A group of tourists arrive in Burkittsville, Maryland after seeing The Blair Witch Project (1999) to explore the mythology and phenomenon, only to come face to face with their own neuroses and possibly the witch herself.
Stephen Barker Turner,
14 years later, after the mysterious disappearance of three students in The Blair Witch Project. Looks like the village of Burkittsville is still haunted by the local legend. We are in ... See full summary »
Satirizing (quite obviously) the original independent hit "The Blair Witch Project", "The Blair Witch Rejects" chronicles the misadventures of an inept Beverly Hills producer who believes ... See full summary »
Jerry A. Vasilatos
Prepare to see what is allegedly the "actual footage" of the supernatural events leading up to the 2008 murder of Samantha Finley. Released against the wishes of the authorities, this D.V.D... See full summary »
Shane Van Dyke
Erin Marie Hogan,
A group of teenagers from Flint, Michigan filmed themselves kidnapping and terrorizing a new acquaintance, before taking her out to a woods and dumping her in a shallow grave. They then ... See full summary »
The uncensored investigation into disappearances of the three film-makers in 1994. See interviews with friends and family of the three film-makers, and learn the entire mythology of the Blair Witch, including a news reel interview with Rustin Parr! Written by
Derec Avery <email@example.com>
In Daniel Stern's follow-up book, 'Blair Witch Project: A Dossier', Heather's mother loans Heather's journal (found in the backpack) to a psychic to read. The psychic discovers that Heather actually invoked the Blair Witch to appear, making the entire tragedy her fault. See more »
In the history of the township of Blair, it is related that surveyors found the abandoned village of Blair in 1825 while surveying the area for a railroad. Although small railroads were built in 1826, the first commercial railroad was not built in the USA until 1828. See more »
Excellent mockumentary which parodoxically robs the film of much of its power.
It is a favourite sport among 'sophisticated' Europeans to laugh at gullible Americans, and it is a pastime, I'm ashamed to admit, I've indulged in myself. Ho ho! we chortle when we read about audiences feeling sick at such a tame film as THE EXORCIST. Hee hee! we titter as reports come of spectators needing psychiatrists after THE BLAIR WITCH PROJECT. But I for one envy American faith. Sometimes cynicism can be so tiring, and I'm really jealous of Americans who were genuinely scared watching BLAIR.
Apparently this mockumentary played a large part in the film's mythology - I don't know how true this is. As I mentioned in my review, I was scared witless by BLAIR, and felt great anguish for some time after it. Watching CURSE was of great therepeutic value - shorn of the big screen and the mechanics of the horror film, I was able to dominate the material, to emasculate its very real hold on me.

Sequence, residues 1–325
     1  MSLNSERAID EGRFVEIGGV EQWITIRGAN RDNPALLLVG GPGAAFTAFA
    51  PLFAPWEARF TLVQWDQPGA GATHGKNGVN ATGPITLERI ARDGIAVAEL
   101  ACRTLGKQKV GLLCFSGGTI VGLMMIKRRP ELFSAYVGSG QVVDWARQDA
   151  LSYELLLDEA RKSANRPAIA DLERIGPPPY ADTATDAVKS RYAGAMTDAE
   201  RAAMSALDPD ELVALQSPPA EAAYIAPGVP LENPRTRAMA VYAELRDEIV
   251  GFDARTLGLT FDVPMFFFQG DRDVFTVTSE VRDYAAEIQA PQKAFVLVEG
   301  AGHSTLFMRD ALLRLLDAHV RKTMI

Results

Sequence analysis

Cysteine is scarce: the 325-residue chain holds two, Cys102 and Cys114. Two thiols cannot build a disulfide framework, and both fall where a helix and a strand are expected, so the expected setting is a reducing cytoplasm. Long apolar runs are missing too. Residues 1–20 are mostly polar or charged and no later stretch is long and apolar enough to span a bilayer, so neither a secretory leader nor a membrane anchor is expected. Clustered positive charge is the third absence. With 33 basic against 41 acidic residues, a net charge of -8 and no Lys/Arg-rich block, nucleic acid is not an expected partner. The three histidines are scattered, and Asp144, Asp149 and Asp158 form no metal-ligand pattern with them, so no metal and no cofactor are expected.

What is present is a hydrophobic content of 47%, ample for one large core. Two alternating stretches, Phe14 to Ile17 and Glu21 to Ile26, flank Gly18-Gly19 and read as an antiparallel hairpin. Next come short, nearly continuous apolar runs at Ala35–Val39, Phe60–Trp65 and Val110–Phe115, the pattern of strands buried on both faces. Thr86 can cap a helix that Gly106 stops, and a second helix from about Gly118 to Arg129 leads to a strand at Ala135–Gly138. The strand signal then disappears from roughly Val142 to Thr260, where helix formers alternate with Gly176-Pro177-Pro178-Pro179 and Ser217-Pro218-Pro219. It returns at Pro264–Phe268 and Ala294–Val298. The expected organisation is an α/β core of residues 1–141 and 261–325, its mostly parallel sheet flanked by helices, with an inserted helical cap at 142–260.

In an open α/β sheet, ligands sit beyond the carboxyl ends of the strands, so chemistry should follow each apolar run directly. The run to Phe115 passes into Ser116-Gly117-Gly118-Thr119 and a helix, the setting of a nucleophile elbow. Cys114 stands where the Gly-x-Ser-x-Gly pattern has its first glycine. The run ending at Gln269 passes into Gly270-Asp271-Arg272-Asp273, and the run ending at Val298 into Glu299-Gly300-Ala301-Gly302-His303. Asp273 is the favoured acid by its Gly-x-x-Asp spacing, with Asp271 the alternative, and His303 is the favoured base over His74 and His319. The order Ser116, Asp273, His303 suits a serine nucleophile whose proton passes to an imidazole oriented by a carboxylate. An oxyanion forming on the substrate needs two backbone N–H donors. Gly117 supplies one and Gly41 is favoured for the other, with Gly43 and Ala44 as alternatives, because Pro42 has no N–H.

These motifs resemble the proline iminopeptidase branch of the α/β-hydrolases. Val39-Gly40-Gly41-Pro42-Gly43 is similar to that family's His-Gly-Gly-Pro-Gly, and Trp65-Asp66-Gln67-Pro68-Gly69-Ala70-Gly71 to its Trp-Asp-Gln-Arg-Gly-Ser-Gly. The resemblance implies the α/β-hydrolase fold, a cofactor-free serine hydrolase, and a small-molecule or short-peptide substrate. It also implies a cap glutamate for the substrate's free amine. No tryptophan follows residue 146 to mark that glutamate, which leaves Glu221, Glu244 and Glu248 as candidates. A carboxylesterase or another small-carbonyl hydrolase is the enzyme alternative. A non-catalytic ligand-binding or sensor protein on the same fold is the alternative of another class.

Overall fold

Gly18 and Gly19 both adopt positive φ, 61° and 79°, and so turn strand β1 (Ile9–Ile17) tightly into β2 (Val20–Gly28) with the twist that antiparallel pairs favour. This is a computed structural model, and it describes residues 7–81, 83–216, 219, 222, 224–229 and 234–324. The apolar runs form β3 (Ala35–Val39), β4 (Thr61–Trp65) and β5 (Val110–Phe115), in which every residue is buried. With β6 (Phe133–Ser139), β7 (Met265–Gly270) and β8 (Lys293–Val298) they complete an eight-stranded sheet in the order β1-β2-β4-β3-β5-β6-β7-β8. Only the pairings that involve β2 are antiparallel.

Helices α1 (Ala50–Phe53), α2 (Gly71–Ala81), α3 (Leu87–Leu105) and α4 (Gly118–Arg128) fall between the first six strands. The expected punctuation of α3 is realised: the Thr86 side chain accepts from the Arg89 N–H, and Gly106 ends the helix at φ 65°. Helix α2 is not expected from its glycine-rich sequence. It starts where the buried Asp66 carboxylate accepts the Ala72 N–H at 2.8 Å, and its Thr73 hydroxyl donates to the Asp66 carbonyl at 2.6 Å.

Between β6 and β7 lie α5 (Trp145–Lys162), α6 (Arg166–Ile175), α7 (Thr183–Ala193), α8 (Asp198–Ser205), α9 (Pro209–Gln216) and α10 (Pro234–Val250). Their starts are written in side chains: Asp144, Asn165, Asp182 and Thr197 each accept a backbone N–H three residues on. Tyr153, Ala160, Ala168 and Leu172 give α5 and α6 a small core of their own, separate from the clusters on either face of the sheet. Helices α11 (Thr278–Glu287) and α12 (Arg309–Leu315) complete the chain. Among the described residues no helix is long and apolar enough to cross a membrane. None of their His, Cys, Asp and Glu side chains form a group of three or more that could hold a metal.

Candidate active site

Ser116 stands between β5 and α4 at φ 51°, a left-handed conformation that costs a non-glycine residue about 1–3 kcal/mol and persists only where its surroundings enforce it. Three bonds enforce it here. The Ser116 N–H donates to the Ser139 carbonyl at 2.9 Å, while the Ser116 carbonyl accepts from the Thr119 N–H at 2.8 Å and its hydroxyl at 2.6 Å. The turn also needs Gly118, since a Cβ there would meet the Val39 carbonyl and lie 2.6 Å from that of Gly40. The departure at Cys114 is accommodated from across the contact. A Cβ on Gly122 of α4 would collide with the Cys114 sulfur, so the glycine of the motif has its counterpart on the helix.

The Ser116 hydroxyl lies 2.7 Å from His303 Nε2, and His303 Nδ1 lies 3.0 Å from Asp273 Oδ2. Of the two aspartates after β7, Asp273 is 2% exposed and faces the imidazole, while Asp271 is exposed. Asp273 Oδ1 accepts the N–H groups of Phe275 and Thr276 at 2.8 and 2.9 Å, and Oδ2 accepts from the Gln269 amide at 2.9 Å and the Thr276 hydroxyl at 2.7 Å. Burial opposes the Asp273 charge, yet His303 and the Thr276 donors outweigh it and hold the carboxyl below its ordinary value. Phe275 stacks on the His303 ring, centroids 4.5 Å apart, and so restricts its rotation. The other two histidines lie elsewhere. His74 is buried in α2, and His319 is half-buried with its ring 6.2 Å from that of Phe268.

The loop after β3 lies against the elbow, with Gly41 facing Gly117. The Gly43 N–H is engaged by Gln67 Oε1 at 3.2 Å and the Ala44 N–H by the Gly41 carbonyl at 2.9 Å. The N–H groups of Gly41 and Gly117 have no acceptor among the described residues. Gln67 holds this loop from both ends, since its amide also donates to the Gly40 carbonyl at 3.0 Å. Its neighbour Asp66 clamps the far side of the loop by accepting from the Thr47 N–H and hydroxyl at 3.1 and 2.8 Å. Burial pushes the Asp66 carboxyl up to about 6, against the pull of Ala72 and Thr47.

I think this mockumentary both weakens and strengthens the film. Without having seen it, the film is extraordinarily rich and suggestive, playing havoc with the viewer who carries no preconceptions (like myself). Being not quite sure what to expect only increases the tension and the terror. If I'd seen this mockumentary, I don't think I'd have been as scared. I'd have known too much, many things would have been explained (or at least graspable), overarching theories would have been more easily explicable.
Not knowing too profoundly about the legend helps the film. However, it is also chilling in that the students therefore move from one set of bearings (map, compass), to another (the forest's enchanted circle, the signifiers of the Blair Witch myth). The mockumentary strengthens the film by showing us the outside world of the events, the context and apparatus from which the students disappeared, making their trauma less abstract, more real. It is so rational and comforting, filled with family, friends, and experts, that it makes the disappearance all the more bewildering and shocking.
It is alleged that this mockumentary was shown for real on a factual US television station. While I find this hard to believe, I've been asking myself how I'd have dealt with it in those conditions. I'm not surprised people were taken in - it's brilliantly made and acted, a spot-on recreation of a certain kind of programme-making, right down to the amusingly portentous music, used like double spacing after a paragraph. The only false note is the 1940s footage of the killer, which clearly looks like it was filmed recently.
If I'd seen this mockumentary - and I generally avoid UNSOLVED MYSTERIES-type TV - I don't think I'd have been as moved as I was at the film. The story itself is very compelling, and I love the whole creation of a myth to the extent that I can't believe now that the Blair Witch never existed.
But only fiction can created the character and empathy needed for true horror to succeed; the film reclaims the personal absent (necessarily) from this 'documentary'. CURSE has other points to make - the idea of both history and documentary (the recording of that history) as fabrication; the persistant cultural fear of independent women; the tensions and perversions of small town life; the Gothic strangeness, regardless of the supernatural, or life on the US margins; the deep failure of American masculinity, from Heather's film school teacher to the Sherrif. A lovely document, vastly preferable to THE X-FILES.
11 of 18 people found this review helpful.
Was this review helpful to you?